Design and realization of frequency agile piezoceramic transducers

Julien Bernard, George A. Lesieutre

Research output: Contribution to conferencePaperpeer-review


Being high Q devices, low frequency underwater transducers often lack bandwidth. Variable resonance frequency transducers offer the double advantage of increased effective bandwidth and maximum response at all frequencies within the bandwidth. However the means to obtain this variable frequency differ depending on the type of transducer. This paper presents and evaluates a technique to vary the first resonance frequency of some widely used underwater acoustics transducers: flexural piezoceramic bars and disks. DC bias electric fields are added to the AC driving field and generate in-plane tensile or compressive loads. These loads modify the flexural rigidity of the transducer, which in turn affects its resonance frequencies. Theoretical investigations show that the increase in the effective bandwidth depends on the length to thickness ratio of the transducer, the type of piezoceramic material and coupling, and the piezoceramic thickness and coverage. Slender transducers, k33 coupling and high piezoelectric constant d materials give higher frequency shift per unit DC field. Calculations also show that a transducer of reasonable size, using PZT5H material and k31 coupling, can provide both a high frequency shift per unit DC field (about 15 % per DC kV/mm) and a high coupling coefficient (0.3 for a 0.39 material coupling. The corresponding increase in the effective -3 dB bandwidth was calculated to be 175 % over a -400 V/mm to +800 V/mm range of DC fields. One such transducer was built and tested. The experimental frequency shift was 5 % per kV/mm, leading to a 50 % increase in the effective bandwidth over the -400 V/mm to +800 V/mm field range. The experimental coupling coefficient was 0.2. Measurements show the existence of a polarization switch due to a combined compressive stress and field effect at -400 V/mm DC field. This polarization switch limits the range of negative DC fields, therefore limiting the potential frequency shift, and also results in a permanent reduction of the polarization level, therefore reducing the amount of frequency shift for a given DC field. In the case of k31 coupling, the best strategy is to determine in advance the safe stress and field region for the piezoceramic material, and try to stay within that region during operation. In the case of k33 coupling, the combined stress and field effect does not occur, and the available range of negative DC fields should be much higher.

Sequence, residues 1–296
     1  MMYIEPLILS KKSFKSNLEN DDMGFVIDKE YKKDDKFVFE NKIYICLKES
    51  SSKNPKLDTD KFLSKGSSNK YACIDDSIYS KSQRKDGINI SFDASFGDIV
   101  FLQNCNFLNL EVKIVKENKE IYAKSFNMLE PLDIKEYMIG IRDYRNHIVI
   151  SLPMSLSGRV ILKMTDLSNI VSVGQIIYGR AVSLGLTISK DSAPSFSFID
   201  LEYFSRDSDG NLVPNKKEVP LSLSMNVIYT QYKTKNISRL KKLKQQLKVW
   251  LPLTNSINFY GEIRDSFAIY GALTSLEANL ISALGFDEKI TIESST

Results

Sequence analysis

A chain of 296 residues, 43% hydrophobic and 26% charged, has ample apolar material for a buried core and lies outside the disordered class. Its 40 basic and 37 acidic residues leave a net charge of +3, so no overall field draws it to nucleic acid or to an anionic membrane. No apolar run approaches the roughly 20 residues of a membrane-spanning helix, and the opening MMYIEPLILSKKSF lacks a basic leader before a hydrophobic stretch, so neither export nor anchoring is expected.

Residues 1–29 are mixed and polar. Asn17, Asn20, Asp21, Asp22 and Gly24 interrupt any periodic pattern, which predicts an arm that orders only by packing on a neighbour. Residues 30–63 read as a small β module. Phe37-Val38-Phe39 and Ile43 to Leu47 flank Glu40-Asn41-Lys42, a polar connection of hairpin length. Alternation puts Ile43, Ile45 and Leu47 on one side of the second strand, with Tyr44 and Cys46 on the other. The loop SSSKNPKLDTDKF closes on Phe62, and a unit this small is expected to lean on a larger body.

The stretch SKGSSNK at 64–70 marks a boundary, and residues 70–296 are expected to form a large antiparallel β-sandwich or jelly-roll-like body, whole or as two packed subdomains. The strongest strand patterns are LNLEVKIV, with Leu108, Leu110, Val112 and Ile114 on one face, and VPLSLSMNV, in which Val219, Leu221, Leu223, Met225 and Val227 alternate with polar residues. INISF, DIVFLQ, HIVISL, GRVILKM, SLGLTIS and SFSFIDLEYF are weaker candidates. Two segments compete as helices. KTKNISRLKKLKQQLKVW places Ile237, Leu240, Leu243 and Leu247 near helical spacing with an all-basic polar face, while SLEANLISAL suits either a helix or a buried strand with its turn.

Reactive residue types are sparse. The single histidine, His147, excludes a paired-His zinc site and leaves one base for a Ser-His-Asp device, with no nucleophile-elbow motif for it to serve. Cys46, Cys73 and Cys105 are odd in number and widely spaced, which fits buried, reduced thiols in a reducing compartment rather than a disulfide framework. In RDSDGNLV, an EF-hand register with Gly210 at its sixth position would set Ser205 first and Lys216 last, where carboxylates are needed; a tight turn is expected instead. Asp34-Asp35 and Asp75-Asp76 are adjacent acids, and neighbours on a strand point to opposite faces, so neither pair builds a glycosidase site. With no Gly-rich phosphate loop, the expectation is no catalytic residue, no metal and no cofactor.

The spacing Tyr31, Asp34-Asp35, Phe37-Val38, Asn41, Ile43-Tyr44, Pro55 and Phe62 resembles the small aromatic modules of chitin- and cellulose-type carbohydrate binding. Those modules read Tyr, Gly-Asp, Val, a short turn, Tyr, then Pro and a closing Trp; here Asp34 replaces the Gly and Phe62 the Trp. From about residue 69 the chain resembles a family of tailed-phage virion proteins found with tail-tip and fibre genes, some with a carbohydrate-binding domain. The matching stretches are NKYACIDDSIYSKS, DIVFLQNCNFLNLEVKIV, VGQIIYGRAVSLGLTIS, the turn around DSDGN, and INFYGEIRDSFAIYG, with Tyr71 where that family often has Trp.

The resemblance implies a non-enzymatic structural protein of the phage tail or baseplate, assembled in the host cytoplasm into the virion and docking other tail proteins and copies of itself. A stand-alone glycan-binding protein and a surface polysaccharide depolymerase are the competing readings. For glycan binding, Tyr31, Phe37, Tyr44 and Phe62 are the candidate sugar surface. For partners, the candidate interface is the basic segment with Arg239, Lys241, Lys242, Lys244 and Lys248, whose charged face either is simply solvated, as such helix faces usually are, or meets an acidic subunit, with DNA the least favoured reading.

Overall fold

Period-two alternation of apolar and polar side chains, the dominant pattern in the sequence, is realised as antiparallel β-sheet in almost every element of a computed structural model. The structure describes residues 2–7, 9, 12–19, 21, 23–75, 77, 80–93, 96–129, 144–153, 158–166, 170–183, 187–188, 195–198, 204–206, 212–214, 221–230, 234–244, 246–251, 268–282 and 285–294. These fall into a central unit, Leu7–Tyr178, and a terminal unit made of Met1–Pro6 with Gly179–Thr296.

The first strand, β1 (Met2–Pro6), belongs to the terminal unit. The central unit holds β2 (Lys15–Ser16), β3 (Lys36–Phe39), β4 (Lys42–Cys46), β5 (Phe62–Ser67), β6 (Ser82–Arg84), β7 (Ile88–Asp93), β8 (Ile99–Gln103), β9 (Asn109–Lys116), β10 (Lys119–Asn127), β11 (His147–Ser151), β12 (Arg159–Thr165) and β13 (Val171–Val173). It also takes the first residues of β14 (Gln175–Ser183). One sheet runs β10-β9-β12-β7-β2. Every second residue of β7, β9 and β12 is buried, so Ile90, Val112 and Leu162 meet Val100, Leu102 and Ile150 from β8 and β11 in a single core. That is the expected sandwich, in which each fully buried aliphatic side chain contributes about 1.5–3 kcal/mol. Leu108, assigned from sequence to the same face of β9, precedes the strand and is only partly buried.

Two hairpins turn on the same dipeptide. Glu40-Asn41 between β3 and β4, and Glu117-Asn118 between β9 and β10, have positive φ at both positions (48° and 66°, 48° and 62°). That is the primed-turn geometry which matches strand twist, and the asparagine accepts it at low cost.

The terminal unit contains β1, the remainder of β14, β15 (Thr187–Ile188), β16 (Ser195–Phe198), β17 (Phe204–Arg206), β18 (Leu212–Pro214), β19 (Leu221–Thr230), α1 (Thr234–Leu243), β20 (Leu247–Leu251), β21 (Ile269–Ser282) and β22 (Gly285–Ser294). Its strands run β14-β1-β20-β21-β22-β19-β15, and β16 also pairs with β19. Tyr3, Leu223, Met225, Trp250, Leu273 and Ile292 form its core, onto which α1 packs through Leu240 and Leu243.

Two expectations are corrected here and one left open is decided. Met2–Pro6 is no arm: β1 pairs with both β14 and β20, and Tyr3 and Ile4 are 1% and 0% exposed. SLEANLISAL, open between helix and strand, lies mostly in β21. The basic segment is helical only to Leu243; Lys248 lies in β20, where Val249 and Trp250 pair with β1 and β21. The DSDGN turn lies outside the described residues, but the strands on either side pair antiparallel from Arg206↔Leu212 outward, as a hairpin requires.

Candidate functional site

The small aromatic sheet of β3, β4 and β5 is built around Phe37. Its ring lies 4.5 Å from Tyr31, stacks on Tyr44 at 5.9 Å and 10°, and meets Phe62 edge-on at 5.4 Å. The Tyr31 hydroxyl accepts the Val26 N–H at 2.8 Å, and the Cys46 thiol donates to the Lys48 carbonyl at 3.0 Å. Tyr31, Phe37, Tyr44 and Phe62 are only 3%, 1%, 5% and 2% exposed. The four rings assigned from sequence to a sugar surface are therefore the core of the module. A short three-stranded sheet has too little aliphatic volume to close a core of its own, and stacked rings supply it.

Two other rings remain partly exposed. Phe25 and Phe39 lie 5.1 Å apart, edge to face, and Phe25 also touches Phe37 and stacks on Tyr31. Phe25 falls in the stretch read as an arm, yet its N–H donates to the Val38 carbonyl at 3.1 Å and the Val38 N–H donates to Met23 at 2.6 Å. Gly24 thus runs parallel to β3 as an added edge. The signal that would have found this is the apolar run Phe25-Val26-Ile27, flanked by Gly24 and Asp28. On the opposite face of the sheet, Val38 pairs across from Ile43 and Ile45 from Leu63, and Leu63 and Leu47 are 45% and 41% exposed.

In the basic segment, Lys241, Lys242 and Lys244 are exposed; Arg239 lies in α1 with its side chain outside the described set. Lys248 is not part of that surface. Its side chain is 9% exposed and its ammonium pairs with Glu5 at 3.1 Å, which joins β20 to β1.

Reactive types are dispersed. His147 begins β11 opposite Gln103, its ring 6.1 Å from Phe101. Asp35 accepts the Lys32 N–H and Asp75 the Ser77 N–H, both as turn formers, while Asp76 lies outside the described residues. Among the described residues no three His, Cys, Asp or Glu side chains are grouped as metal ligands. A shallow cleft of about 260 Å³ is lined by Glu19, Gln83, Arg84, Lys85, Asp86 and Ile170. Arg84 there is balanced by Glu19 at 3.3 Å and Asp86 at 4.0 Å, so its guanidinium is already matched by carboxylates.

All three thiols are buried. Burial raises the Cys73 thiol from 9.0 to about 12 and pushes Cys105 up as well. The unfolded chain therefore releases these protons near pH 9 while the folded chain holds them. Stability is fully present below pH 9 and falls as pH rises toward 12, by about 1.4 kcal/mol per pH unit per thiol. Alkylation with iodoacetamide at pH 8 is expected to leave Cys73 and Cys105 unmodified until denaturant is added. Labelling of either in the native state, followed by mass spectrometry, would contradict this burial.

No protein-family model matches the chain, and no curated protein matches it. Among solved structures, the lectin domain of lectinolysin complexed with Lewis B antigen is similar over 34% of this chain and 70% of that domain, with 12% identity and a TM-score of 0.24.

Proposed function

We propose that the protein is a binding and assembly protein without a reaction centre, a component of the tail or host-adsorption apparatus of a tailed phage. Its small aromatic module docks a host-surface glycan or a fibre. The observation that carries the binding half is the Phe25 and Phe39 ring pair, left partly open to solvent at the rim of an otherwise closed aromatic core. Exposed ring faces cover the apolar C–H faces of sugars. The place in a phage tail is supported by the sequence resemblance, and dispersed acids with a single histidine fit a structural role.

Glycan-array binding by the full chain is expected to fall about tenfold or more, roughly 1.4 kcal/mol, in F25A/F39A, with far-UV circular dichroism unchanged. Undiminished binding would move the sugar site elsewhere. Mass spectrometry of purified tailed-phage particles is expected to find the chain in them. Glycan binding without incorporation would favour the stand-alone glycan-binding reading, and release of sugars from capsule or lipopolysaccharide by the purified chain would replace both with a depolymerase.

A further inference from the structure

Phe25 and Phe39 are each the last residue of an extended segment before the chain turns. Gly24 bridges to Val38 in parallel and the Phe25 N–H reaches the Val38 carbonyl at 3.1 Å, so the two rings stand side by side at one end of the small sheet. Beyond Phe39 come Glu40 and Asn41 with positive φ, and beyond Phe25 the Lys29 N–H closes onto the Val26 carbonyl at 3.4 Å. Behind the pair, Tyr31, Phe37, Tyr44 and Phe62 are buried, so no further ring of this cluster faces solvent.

Original languageEnglish (US)
StatePublished - 2000
Event41st Structures, Structural Dynamics, and Materials Conference and Exhibit 2000 - Atlanta, GA, United States
Duration: Apr 3 2000Apr 6 2000


Conference41st Structures, Structural Dynamics, and Materials Conference and Exhibit 2000
Country/TerritoryUnited States
CityAtlanta, GA

All Science Journal Classification (ASJC) codes

  • Civil and Structural Engineering
  • Mechanics of Materials
  • Building and Construction
  • Architecture


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